June 16, 2009 § 2 Comments
Edward van Zile’s 1923 thoughtful and gently pedantic pamphlet, That Marvel The Movie: A Glance At Its Reckless Past, Its Promising Present, And Its Significant Future, is the classic locus of the concept (traced back at least to Griffith’s Intolerance pamphlet by Miriam Hansen) so prominent in 1920s discourse on cinema of movies as the new Esperanto, the Esperanto of the Eye. Consider the following:
The race has found at last its universal language, its Esperanto not of the ear and tongue of but of the eye. The evolution of the motion picture, developing in a few years from a toy kinetoscope to a Griffith wonder-worker, has made possible, for the first time in the history of humanity, an appeal to the heart and mind and sould of man that overcomes the ancient handicap of the confusion of tongues. After many centuries the check to human progress given at the Tower of Babel has come to an end at the enctrance to the motion-picture palace. It has made possible at last for history to reveal its secrets, and vouchsafe its warnings, not to the comparatively few who read scholarly books but to the millions who, as democracy conquers the earth, have become masters of the destiny of nations.
Clearly, this soaring rhetoric will come crashing with the introduction of sound back into films at the end of the 1920s. But for a while they’ll ride this trope quite actively. Both their despair over the carnage of World War I, and their uneasy perception of the miracle of film, part fancy, part reality, will find expression through it. For if you think Zile only has “educational” films in mind, think again: The Covered Wagon is more his idea of a candidate for that “Lighthouse of the Past”, that “university of universities” that the movies promise to mankind:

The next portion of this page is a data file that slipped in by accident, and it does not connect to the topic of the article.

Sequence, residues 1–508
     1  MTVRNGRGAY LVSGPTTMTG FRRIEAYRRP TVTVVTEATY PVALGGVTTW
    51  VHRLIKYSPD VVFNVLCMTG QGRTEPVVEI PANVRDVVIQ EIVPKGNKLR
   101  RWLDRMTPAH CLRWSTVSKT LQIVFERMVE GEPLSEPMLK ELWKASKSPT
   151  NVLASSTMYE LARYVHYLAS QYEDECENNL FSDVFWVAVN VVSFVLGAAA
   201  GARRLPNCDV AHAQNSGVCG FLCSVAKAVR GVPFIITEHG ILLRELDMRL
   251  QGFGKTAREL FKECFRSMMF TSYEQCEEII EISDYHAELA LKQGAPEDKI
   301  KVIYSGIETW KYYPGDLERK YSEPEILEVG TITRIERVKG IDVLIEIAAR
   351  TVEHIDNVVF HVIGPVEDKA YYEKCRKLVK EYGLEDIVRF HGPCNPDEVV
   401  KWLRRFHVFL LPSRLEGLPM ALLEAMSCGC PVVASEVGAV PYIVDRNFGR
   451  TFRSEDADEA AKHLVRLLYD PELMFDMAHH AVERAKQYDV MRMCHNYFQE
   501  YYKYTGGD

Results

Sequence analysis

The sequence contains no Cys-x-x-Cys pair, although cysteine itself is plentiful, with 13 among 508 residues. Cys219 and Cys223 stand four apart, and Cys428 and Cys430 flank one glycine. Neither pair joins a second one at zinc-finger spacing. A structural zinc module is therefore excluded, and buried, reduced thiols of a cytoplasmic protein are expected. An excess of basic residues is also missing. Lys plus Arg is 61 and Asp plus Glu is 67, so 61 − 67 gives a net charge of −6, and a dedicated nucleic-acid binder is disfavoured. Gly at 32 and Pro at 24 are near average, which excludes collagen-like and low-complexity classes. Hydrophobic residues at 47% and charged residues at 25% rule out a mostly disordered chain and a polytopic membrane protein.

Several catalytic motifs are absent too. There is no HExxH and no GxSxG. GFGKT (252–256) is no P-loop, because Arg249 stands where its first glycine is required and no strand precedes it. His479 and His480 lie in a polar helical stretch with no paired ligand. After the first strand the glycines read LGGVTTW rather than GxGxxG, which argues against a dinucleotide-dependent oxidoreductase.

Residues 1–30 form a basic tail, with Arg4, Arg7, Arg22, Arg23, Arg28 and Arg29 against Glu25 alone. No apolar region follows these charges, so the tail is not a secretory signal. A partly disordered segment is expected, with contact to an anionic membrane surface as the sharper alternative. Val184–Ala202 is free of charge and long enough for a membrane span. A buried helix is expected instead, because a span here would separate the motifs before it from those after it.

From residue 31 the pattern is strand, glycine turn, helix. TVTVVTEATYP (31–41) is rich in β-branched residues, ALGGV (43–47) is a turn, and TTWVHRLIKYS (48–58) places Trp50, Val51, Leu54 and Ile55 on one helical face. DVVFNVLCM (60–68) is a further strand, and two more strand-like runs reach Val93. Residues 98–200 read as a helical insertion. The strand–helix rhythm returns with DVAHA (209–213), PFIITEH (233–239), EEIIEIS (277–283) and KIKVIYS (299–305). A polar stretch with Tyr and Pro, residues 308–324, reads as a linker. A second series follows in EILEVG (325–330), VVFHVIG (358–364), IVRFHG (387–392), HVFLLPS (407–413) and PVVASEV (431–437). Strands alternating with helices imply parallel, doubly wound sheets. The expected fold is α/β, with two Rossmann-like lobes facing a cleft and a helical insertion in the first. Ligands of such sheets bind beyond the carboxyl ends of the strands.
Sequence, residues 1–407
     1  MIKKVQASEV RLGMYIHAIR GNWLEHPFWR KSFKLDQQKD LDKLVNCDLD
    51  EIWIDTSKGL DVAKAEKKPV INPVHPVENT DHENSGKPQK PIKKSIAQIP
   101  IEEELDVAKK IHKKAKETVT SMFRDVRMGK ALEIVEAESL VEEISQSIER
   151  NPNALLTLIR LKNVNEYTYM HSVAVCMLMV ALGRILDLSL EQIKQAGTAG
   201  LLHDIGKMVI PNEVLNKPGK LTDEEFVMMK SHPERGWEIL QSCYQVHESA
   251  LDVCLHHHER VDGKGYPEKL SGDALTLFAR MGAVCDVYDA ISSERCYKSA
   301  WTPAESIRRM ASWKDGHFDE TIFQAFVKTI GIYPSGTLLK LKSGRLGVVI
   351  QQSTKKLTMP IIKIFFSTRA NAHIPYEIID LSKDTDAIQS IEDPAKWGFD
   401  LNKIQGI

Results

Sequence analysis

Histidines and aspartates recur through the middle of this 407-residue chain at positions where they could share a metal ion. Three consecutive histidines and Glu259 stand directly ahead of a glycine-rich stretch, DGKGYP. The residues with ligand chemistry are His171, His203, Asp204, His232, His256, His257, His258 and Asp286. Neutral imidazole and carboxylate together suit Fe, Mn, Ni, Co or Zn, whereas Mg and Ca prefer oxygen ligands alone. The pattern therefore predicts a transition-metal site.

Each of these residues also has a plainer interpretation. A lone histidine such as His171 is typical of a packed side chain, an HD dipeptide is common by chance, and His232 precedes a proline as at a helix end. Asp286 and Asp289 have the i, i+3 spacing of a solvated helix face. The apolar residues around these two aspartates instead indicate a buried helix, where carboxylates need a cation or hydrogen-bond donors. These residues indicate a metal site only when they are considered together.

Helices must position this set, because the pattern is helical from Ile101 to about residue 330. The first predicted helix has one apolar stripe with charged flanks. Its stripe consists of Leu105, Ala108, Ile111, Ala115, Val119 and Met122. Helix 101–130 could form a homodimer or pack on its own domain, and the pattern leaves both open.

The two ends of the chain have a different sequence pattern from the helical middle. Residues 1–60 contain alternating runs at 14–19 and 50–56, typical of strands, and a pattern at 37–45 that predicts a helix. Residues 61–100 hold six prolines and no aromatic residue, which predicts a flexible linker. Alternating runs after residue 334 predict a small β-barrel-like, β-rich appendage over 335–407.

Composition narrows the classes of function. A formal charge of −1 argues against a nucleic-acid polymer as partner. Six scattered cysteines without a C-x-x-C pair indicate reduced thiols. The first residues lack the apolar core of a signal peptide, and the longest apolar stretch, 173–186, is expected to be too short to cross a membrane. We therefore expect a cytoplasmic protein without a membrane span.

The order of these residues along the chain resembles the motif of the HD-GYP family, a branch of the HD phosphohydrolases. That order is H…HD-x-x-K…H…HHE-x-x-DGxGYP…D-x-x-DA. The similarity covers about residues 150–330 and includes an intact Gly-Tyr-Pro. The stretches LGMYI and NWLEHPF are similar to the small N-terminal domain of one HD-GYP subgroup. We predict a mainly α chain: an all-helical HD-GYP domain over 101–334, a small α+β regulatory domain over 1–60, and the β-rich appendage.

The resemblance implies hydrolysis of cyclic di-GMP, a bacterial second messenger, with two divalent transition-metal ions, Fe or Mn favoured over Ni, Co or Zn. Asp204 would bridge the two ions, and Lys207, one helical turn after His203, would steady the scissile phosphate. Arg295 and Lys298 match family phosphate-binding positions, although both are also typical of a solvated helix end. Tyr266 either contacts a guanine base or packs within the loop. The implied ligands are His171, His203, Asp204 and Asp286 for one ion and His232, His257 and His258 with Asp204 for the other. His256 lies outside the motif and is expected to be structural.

To-day I find the screen achieving wonders in conserving, for the sake of posterity, the memory of epic, epoch-making deeds of derring-do that not only glorify our past but inspire us with hope and courage and ambition for the future. (p. 196)
Passive spectator, you who now only has to sit to learn, since “seeing is believing”, beware ! The joys of post-modern simultaneity of heterogeneous points of view still lie in the distant, post World War 2 world…
On a related subject (thank you to the Bioscope Library for the links!):
- Knowlton, Daniel C. and J. Warren Tilton, Motion Pictures in History Teaching: A Study of the Chronicles of America Photoplays as a Aid in Seventh Grade Instruction deals with the Chronicles of America series of lavish short subjects produced 1923-1929 by Yale University Press, and how useful they might have been in terms of education (the assumption being that the photography was historically correct, that “seeing is believing”, again).
- Ellis, Don Carlos and Laura Thornborough, Motion Pictures in Education: A Practical Handbook for Users of Visual Aids, 1923, also looks at the intersection of films and education. I haven’t looked at it but I’m betting they define “educational” film as a pretty broad category…